Maria Miller and Boris Johnson were constantly interrupted in their speeches at the mayor’s annual Disability Capital event by disabled people and other campaigners angry about brutal government cuts to disability benefits and services.
They were asked to explain why the London 2012 Olympics and Paralympics were being sponsored by Atos, the much-criticised company that carries out “fitness for work” tests for the government.
Before Miller’s arrival, banners highlighting the deaths of several disabled people – deaths linked by families, friends and campaigners to welfare reform and the work capability assessment – were ordered to be taken down by conference staff.
When a heckler warned Johnson that disabled people would be protesting at the Paralympics if Atos was involved in the games, he said: “They are perfectly entitled to protest against it as I am entitled I think to support the Paralympic games, and that is what I propose to do.”
Johnson promised to “do my best to answer your questions about why Atos is sponsoring the Olympics”, while Miller told the audience: “A lot of people seem to have an interest in Atos. Why don’t we take that as a question afterwards?”
But most of the questions in their joint question and answer session had been submitted in advance, and neither Johnson nor Miller responded to the questions about Atos, with Johnson asking for any such questions to be put to him in writing.
There was also considerable anger when – in response to a question submitted by Inclusion London, on whether planned cuts of 20 per cent to spending on disability living allowance (DLA) meant the government was breaching its duties under the Equality Act – Miller appeared to suggest there was widespread abuse of DLA.
When she said that £600 million a year was “going to people whose conditions have changed, who may have been receiving DLA for up to 20 years without being assessed” and that the “vast majority of people who receive DLA do not have lifelong conditions”, one disabled heckler shouted out “we are not frauds”, while another added “shame on you” and a third said “that’s a lie”.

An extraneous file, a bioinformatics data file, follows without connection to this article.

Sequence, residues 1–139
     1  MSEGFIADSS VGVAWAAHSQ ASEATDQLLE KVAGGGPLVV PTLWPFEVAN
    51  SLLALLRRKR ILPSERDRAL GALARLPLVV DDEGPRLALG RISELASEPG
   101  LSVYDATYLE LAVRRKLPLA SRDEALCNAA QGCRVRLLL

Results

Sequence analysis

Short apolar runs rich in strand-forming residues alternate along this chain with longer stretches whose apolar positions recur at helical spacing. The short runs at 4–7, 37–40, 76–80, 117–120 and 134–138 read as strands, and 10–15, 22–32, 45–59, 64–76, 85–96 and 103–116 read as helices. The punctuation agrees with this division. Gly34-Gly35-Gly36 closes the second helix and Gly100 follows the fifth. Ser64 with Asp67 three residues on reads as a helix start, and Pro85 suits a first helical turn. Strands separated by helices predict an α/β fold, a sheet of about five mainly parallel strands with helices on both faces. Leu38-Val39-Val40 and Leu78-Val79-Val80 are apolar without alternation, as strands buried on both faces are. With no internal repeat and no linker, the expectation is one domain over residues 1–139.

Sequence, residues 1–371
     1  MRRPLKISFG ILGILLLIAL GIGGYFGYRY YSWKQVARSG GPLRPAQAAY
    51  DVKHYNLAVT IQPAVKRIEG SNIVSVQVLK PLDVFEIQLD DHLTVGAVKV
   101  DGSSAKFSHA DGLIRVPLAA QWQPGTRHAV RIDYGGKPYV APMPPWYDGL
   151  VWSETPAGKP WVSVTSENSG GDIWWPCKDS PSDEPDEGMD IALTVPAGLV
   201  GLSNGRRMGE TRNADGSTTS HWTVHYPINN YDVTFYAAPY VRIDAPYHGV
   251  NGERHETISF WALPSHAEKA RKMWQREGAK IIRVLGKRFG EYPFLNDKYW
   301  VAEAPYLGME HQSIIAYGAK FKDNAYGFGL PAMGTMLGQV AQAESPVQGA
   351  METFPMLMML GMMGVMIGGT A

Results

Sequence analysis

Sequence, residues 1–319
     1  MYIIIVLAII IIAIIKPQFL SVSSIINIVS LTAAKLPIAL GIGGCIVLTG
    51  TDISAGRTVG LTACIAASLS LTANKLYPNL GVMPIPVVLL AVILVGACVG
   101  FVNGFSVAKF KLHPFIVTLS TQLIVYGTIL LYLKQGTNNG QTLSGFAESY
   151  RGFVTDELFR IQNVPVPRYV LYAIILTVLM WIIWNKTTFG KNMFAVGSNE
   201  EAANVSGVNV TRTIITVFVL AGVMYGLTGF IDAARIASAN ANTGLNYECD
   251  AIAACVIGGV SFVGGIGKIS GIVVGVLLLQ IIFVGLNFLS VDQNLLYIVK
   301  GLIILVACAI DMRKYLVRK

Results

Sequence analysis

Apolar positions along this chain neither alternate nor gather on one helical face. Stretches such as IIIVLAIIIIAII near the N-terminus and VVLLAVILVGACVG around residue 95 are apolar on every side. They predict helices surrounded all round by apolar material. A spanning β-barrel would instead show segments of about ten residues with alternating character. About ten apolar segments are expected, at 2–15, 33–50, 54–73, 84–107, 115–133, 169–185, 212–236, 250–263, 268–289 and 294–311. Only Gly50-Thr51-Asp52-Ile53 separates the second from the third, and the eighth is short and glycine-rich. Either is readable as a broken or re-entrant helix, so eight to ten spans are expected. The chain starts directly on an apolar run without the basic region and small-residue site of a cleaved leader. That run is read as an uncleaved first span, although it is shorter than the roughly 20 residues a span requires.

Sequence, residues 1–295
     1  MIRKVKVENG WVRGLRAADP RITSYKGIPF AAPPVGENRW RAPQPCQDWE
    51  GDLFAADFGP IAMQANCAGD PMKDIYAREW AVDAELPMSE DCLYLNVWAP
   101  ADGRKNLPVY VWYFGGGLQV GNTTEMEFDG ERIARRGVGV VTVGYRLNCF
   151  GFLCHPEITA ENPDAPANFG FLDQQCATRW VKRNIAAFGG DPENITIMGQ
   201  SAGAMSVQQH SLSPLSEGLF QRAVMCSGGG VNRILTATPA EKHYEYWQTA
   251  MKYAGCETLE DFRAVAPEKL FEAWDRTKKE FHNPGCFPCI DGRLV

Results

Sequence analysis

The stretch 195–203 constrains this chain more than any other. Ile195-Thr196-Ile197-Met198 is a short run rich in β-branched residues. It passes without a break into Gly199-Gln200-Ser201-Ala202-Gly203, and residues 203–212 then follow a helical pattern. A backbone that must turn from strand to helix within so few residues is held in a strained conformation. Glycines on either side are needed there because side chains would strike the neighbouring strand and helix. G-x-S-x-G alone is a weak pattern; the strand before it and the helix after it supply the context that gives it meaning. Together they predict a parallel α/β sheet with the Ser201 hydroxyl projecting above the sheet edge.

There was also an angry reaction when – in response to complaints that disabled people on benefits could not afford to attend the Olympics – Johnson replied that “90 per cent of tickets are under £100”.
Later in the morning, the former Paralympian Baroness [Tanni] Grey-Thompson, who had been asked to speak about London 2012, ended her speech with a call for disabled people to contact her with their “views and opinions and cases” about the government’s welfare reform bill.
The crossbench peer gave out her Lords email address –
– and asked disabled people to contact her with material she could use during debates on the bill.
She said the bill had made her “probably the most depressed I have ever been in my life as a disabled person”, and added: “We need to fight and keep making a difference and make the government listen.
“We need people’s views and opinions and cases so we can go back through the committee and the report stage and argue really strongly to try and get it into a better place than it is.”
But when the peer was asked – as a member of the 2012 organising committee – whether she was concerned about the involvement of Atos, she said she was not involved with sponsorship issues and that she would be “taken less seriously” when debating the bill in the Lords if she was to speak out publicly now.
One of the disabled activists who heckled Johnson and Miller, Claire Glasman, from the disabled women’s organisation WinVisible, said afterwards that it was “a disservice to the Paralympic athletes who worked really hard and fought discrimination” to be associated with companies such as Atos.
She said of Miller and Johnson’s failure to answer the Atos question: “I think they are skirting around it because they want the sponsorship, but people’s lives are more important than the sponsorship.”
News provided by John Pring at www.disabilitynewsservice.com